With the high level of integration achieved across the NAFTA region for vehicle manufacturing, we are now in a position with Mexico similar to, but not identical to, the position we were in 20 years ago with the United States. While the vehicles being produced in each jurisdiction are also largely being sold across the NAFTA region, consumer demand in Mexico has resulted in a slightly different makeup of the vehicle fleet due to differences in the regulatory environment.

As referenced in Bill S-5, we must ensure that used vehicles imported into Canada from Mexico are fully compliant with Canadian regulations for both environmental and safety reasons.

In the future, moving outside of the NAFTA zone to allow for importation of nearly-new vehicles should not be considered due to significant differences in the regulations governing vehicle safety and vehicle emissions found elsewhere in the world.

Older vehicles are much less environmentally friendly than current model years. In fact, a 1993 model-year vehicle is 17 times more polluting than today's current model year. While Canada introduced `soft' measures, such as consumer rebates for trading in older vehicles, some countries have introduced aggressive programs to remove older vehicles from their roads early in their lifespan because new vehicles are so much cleaner, and more fuel efficient. In Japan, as one example, once a vehicle reaches its fifth year in operation, consumers are forced to make expensive upgrades and repairs to their vehicles, and vehicle registration fees escalate dramatically to the point where it becomes cost prohibitive for consumers to keep the older vehicles on the road.

These types of policies create large volumes of used vehicles that need to be disposed of and, as a consequence, significant volumes of these cheap used vehicles are exported to various countries around the globe.

If Canada lifts its current restrictions on the importations of used vehicles, it will become an export target for these older, less environmentally friendly vehicles with outdated safety equipment. Used car imports as such could represent a serious form of `environmental dumping'. When one country is able to ship millions of used vehicles to another country, the issue of end-use disposal, as well as a poor performing on-road fleet in terms of environmental and safety performance, becomes the other country's problem. This is a policy that appears to be untenable given current federal and provincial government direction and intent, and will have a significant impact on Canada's domestic industry, with consumers ultimately paying the price.

As such, while the CVMA supports Canada fulfilling its obligations under NAFTA due to the similarities in primarily the Canada-U.S. market, we would strongly oppose the expansion of this policy to include other jurisdictions in the future as part of any bilateral trade arrangement into which Canada may contemplate entering.

The second issue of concern is that while manufacturers certify vehicles that are assembled in Mexico and imported for sale in Canada — such as the Dodge Journey, the Ford Fusion or Chevrolet Avalanche — vehicle manufacturers cannot be held in any way responsible for certifying that used vehicles originally sold in another country meet the necessary Canadian safety and environmental standards to allow their importation, nor are they in a position to supply information respecting modifications of imported vehicles to make them compliant with Canadian safety and emissions requirements. Certification responsibility must be left with the individual or company who is importing the vehicle.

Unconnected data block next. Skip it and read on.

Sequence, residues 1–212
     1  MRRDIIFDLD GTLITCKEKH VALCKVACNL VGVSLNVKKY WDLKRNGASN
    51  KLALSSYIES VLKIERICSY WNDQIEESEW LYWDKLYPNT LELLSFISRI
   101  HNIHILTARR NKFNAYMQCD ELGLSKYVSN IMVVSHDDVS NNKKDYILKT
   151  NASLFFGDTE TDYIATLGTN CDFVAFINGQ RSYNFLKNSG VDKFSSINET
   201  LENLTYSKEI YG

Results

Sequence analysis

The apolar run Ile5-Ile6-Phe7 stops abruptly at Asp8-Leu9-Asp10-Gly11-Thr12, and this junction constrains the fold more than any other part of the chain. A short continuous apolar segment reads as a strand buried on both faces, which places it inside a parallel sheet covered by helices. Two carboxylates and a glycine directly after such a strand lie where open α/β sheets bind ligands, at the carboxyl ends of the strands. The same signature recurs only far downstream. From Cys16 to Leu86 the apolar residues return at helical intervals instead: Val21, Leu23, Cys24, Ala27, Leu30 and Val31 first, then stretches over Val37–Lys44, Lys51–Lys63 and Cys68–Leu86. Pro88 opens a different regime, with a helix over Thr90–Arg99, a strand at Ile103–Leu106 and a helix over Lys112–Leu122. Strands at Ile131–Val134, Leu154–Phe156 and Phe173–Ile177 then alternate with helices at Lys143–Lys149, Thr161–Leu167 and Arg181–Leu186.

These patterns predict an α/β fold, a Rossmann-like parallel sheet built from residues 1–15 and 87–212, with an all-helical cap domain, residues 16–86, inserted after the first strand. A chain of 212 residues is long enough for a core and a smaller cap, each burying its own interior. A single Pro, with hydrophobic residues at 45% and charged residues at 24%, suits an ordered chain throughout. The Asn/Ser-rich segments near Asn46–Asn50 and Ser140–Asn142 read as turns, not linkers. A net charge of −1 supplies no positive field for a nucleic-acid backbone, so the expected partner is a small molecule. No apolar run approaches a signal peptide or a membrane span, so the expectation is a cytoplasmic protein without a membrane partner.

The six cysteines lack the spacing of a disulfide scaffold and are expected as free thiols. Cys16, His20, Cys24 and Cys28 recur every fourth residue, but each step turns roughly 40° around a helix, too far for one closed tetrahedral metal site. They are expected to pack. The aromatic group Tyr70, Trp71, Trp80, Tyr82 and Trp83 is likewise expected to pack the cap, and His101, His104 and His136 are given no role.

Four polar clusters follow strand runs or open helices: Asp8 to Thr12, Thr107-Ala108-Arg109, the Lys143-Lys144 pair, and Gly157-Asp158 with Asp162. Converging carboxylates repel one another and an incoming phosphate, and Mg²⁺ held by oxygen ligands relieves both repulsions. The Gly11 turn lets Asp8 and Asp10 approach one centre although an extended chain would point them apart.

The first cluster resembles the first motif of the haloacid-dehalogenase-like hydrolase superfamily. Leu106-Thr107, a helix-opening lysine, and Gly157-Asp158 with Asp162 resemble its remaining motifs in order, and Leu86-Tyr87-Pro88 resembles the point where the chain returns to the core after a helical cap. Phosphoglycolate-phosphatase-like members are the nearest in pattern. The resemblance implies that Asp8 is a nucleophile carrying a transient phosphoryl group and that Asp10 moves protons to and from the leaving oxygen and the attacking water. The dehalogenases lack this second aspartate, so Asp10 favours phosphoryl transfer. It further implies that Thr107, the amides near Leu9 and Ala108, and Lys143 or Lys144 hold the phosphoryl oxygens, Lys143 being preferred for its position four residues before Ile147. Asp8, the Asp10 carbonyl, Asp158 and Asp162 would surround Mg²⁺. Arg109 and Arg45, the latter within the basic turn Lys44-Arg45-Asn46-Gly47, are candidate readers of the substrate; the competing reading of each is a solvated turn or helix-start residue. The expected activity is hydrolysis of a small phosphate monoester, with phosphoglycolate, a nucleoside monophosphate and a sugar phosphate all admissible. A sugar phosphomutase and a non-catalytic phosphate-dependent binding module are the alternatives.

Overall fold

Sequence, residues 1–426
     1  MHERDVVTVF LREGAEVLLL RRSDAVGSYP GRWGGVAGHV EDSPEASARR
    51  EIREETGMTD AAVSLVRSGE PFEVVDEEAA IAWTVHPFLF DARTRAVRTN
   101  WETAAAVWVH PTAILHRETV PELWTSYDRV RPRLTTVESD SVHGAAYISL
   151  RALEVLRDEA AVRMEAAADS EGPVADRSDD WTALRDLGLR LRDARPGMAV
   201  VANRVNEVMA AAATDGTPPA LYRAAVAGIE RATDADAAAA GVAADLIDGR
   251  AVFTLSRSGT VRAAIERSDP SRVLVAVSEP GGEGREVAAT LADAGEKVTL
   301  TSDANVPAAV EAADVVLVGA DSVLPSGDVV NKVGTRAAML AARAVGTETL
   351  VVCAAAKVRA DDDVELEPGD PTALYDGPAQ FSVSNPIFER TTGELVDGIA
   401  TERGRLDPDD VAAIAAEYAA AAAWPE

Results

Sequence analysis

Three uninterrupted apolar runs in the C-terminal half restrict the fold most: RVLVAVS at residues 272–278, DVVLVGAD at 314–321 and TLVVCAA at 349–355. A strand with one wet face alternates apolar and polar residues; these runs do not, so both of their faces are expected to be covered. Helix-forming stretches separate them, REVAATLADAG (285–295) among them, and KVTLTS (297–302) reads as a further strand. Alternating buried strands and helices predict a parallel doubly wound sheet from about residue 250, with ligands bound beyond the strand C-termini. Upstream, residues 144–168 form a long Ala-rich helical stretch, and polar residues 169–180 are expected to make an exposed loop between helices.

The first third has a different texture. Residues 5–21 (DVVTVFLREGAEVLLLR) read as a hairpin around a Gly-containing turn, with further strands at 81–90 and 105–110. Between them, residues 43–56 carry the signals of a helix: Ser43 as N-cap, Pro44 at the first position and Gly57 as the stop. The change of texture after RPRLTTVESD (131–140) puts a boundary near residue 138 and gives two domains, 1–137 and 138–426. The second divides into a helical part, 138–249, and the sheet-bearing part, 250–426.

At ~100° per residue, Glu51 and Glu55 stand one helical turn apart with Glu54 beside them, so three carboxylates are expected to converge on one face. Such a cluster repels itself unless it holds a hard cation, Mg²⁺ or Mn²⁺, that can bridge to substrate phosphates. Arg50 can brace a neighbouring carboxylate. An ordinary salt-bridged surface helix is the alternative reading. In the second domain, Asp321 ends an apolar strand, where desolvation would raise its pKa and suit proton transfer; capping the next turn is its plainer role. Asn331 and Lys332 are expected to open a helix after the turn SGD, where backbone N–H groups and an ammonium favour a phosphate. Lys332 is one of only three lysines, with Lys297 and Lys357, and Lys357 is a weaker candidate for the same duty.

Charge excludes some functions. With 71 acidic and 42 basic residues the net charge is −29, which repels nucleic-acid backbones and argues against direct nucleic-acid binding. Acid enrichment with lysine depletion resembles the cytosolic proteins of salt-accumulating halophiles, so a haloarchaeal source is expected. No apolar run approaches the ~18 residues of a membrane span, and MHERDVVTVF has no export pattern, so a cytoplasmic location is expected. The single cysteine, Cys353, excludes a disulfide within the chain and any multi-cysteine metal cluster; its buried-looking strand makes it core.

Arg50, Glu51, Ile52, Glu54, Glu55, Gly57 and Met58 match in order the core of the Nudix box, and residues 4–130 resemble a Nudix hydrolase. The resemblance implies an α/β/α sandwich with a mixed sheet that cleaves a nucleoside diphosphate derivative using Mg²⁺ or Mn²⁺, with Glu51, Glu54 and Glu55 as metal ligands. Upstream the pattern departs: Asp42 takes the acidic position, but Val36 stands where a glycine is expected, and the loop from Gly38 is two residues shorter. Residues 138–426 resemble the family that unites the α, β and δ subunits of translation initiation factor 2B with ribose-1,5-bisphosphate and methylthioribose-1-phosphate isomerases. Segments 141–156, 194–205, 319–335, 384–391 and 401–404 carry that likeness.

Third, following passage of the bill, the regulators must work closely with the industry to ensure all regulatory changes that are made do not unnecessarily burden vehicle manufacturers with obligations or requirements that are rightly placed with the importer of the used vehicles. At the same time, the government must effectively and publicly communicate which vehicles qualify for importation.

We would like to promote the need for Canada to alter its used vehicle importation restrictions to be more in line with that of the United States. We understand that Transport Canada has considered taking steps to harmonize a portion of its treatment of used vehicle imports with the U.S. While vehicles older than 15 years need not meet the regulatory standards in place in Canada at the time of manufacture, in the U.S. vehicles must be older than 25 years to avoid compliance with vehicle safety and environmental standards.

Canada's requirement was put in place when relatively few vehicles remained on the road longer than 15 years, and the primary reason for the allowance was to facilitate the importation of collector and antique vehicles. Improvements in vehicle durability have substantially increased the availability of vehicles older than 15 years on the global market. Not addressing the potential influx of vehicles that were not designed for a market like Canada's — for example, right-hand drive vehicles and those that meet few or very different safety standards — is not good public policy. As with all vehicle safety and environmental regulations between Canada and the U.S., we would strongly support harmonization of these requirements as well.

That concludes my remarks, and I would be glad to answer any questions you have.

The Chair: Thank you to both witnesses.

Before giving the floor to senators to ask questions, as mentioned yesterday at the committee, we would normally, after a question-and-answer period, go to clause by clause on the bill. After that, we will go in camera on our report on telecommunications.

Senator Mercer: Thank you, gentlemen, for being here. You have made this sound more complicated than we thought it was.

Mr. Leier, I am a little confused. We have been told by others that, while we are harmonizing the rules to comply with our NAFTA agreement with our partner, Mexico, there will not be many vehicles that will be coming under this category. The suggestion was made that perhaps Canadians who winter in Mexico might want to bring home a vehicle they purchased there, and, of course, the rules state in the bill — and I am defending the bill now — that the vehicles have to meet the standards of where they are being imported. If they are imported to Ontario, they follow Ontario rules, for example, likewise for Nova Scotia and so forth.